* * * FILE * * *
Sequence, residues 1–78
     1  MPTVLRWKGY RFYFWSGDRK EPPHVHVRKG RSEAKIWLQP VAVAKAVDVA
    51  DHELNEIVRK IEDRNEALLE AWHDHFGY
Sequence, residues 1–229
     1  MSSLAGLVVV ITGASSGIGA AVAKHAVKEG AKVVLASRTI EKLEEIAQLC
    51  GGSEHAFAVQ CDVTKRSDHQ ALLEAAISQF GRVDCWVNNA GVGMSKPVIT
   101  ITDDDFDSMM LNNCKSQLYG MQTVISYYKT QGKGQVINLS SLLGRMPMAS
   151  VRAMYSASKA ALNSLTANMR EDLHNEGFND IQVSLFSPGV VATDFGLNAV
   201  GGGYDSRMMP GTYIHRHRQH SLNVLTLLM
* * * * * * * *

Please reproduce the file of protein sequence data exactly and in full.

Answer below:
Sequence, residues 1–78
     1  MPTVLRWKGY RFYFWSGDRK EPPHVHVRKG RSEAKIWLQP VAVAKAVDVA
    51  DHELNEIVRK IEDRNEALLE AWHDHFGY
Sequence, residues 1–229
     1  MSSLAGLVVV ITGASSGIGA AVAKHAVKEG AKVVLASRTI EKLEEIAQLC
    51  GGSEHAFAVQ CDVTKRSDHQ ALLEAAISQF GRVDCWVNNA GVGMSKPVIT
   101  ITDDDFDSMM LNNCKSQLYG MQTVISYYKT QGKGQVINLS SLLGRMPMAS
   151  VRAMYSASKA ALNSLTANMR EDLHNEGFND IQVSLFSPGV VATDFGLNAV
   201  GGGYDSRMMP GTYIHRHRQH SLNVLTLLM